The office of National Wind Farm Commissioner should be extended a further three years, and broadened to oversee the development of large-scale solar and battery storage in Australia, a new report has recommended.
The report, based on a review conducted by the Climate Change Authority, was commissioned by the federal government to review the role it created in 2015 to address community concerns over wind farms.
At the time, the creation of the new position ruffled feathers in the renewables industry, which widely considered it to be a hangover from the previous Abbott government, as part of a deal to keep the Coalition’s anti-wind cross-benchers happy.
But the role – which was filled by solar thermal industry veteran Andrew Dyer – has since proven valuable to both the wind industry and consumers, by highlighting the importance of social licence in large-scale renewables development.
According the CCA, the Commissioner’s efforts to respond to community complaints about wind farms had, in general, exceeded expectations, and resulted in a number of best practice recommendations that had improved the way the wind industry and governments worked with communities.
As Dyer himself noted in his second annual report to the government – published in March – there has been a reduction in nearly all categories of complaints against wind farms in the two years since his appointment.
“Most matters,” he said, “are resolved by the provision of factual information to the complainant, addressing the concerns raised and/or connecting the complainant to the appropriate contacts at the respondent organisation.”
For the renewable energy industry, the efforts of Dyer, alongside the findings of two separate independent reports, have brought home the importance of engaging constructively with communities, where large-scale projects are planned.
In Victoria, it has seen current state Labor government incorporate a community engagement and benefit sharing component into in its state renewable energy auction – as both an eligibility requirement and an evaluation criteria for bidding projects.
And as development ramps up to meet the federal government’s 2020 Large-scale Renewable Energy Target of 33,000GWh – community engagement and the maintenance of social licence is excpted be more important than ever.
“Your project relies on its social licence just as much as it might rely on its top wind resource,” said Australian Wind Alliance Victorian coordinator, Andrew Bray, at the 2018 Wind Industry Forum in March.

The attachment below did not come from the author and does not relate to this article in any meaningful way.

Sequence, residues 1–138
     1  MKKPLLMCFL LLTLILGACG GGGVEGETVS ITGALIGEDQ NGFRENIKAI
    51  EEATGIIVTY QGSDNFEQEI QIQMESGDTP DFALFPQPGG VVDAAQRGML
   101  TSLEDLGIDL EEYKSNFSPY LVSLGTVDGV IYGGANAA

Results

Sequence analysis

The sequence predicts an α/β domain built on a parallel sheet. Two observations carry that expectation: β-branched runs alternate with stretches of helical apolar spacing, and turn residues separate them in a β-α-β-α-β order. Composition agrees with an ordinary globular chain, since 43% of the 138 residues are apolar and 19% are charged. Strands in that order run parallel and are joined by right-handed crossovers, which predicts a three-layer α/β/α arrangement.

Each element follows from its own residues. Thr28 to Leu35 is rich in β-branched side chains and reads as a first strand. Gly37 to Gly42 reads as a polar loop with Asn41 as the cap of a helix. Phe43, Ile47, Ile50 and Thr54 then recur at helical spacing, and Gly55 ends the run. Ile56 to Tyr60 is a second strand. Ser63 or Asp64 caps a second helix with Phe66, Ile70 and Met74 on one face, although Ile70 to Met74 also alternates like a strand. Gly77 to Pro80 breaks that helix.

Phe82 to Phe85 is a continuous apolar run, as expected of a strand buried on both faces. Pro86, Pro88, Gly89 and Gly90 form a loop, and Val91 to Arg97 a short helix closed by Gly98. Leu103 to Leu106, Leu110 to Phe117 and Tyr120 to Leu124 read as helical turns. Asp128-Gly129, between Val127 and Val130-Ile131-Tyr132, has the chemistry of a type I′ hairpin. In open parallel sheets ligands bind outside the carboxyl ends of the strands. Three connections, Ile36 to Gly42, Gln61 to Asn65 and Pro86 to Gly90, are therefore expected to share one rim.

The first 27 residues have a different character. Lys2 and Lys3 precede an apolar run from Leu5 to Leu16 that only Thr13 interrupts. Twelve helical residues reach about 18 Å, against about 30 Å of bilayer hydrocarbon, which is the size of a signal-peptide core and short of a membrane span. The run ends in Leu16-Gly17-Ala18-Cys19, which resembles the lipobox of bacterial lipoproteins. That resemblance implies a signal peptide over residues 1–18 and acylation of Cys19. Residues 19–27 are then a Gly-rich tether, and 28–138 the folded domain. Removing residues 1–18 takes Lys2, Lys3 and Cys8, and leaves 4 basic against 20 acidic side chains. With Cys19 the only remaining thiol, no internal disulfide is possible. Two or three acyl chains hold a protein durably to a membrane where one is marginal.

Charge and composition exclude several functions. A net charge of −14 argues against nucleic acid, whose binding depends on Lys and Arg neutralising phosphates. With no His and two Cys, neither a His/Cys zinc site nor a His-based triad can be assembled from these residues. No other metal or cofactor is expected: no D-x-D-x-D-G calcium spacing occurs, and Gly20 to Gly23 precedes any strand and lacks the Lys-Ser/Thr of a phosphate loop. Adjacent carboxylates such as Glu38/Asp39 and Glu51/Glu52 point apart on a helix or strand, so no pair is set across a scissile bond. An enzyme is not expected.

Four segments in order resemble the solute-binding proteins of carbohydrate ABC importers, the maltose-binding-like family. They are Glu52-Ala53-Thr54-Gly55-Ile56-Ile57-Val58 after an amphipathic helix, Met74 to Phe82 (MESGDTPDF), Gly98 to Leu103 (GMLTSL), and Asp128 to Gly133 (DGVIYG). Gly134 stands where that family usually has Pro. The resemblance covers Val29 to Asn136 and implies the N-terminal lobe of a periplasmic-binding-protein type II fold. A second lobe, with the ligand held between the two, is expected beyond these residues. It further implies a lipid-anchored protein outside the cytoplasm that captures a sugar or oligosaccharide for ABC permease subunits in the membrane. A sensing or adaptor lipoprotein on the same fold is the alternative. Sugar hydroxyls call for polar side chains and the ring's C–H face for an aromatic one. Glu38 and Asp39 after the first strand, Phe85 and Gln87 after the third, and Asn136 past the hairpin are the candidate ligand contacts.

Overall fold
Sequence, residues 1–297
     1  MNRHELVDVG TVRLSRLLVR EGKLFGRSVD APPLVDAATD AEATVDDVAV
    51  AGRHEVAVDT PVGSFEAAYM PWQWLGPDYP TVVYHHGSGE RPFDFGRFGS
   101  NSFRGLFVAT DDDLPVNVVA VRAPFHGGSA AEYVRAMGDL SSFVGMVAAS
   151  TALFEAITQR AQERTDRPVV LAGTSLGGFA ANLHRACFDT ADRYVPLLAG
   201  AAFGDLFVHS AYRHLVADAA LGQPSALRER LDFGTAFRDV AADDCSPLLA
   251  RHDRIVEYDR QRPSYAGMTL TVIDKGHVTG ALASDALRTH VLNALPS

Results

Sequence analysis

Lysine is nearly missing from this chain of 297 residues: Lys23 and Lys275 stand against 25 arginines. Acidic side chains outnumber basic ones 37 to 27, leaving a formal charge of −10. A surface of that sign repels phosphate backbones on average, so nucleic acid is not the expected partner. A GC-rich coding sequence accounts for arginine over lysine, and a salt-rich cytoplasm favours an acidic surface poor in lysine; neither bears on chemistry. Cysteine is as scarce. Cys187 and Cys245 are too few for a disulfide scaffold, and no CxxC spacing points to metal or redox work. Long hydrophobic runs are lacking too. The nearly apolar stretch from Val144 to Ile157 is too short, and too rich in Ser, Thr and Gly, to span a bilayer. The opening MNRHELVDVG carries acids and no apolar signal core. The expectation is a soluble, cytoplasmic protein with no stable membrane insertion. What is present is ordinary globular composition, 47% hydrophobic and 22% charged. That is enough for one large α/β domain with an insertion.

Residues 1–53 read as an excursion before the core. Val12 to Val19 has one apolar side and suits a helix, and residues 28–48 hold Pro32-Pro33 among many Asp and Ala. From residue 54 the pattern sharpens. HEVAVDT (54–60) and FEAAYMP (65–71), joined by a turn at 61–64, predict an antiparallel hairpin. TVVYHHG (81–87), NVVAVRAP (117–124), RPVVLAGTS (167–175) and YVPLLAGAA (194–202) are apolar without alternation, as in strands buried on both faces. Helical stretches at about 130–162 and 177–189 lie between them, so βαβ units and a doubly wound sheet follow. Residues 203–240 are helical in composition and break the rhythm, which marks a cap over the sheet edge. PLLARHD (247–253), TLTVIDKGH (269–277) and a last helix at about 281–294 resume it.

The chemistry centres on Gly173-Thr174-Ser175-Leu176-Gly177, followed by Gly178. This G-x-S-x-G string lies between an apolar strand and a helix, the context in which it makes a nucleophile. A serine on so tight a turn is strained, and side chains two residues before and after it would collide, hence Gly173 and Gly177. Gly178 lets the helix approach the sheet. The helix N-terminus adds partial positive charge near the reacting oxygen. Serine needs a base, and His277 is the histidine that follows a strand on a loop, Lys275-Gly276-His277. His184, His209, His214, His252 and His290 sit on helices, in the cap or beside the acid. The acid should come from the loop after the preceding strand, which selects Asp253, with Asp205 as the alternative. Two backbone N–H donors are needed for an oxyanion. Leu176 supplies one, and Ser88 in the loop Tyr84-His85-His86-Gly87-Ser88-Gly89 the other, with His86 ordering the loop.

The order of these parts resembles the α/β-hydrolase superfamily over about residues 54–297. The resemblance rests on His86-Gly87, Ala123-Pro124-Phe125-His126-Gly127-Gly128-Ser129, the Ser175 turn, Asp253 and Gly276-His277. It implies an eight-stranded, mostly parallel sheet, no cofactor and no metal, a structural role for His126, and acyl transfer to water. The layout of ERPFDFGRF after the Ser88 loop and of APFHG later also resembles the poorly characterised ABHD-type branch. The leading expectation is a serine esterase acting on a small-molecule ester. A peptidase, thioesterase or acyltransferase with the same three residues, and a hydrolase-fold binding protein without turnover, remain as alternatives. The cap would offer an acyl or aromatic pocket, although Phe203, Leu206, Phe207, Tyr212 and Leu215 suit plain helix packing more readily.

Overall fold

“Without a demonstration of genuine interest in public concerns, these investments will be lost.”
The CCA also sees the value in the wind commissioner’s role, and wants to see it benefit other large-scale renewable sectors.
“The Authority found that the Commissioner is playing a valuable role in assisting interested players work through issues related to wind farm development and operation,” the CCA report said.
“(He is also) well placed to help manage Australia’s transition to other forms of lower emissions electricity generation over the next few years,” it added, noting that a “modest increase in resources” would be needed to accommodate that.”
The CCA report also recommends “some enhancements” to the accessibility and transparency of the Commissioner’s complaints handling services, as well as measures to broaden public awareness of the role.
That’s because the report found community awareness of the existence of a Wind Farm Commissioner to be much higher in Victoria, with 55 per cent of all complaints coming from that state.
The CCA report also recognised that “not everyone” was satisfied with the outcomes of the Commissioner’s complaints handling process – a view that number of stakeholders had apparently expressed “in strong terms.”
It said that “stakeholders (often with concerns about noise or health issues) think the Commissioner should be able to overturn development conditions for wind farms that are already approved.”
But the report also noted that this was not within the powers of the Commissioner – a fact that perhaps those complainants did not understand, or accept.
“The Authority notes that the power to approve wind farms rests largely with state or local governments (in some circumstances, Australian Government approval is required).
“There would be significant legal and constitutional challenges in attempting to provide the Commissioner with powers to overturn wind farm development approvals,” the report said.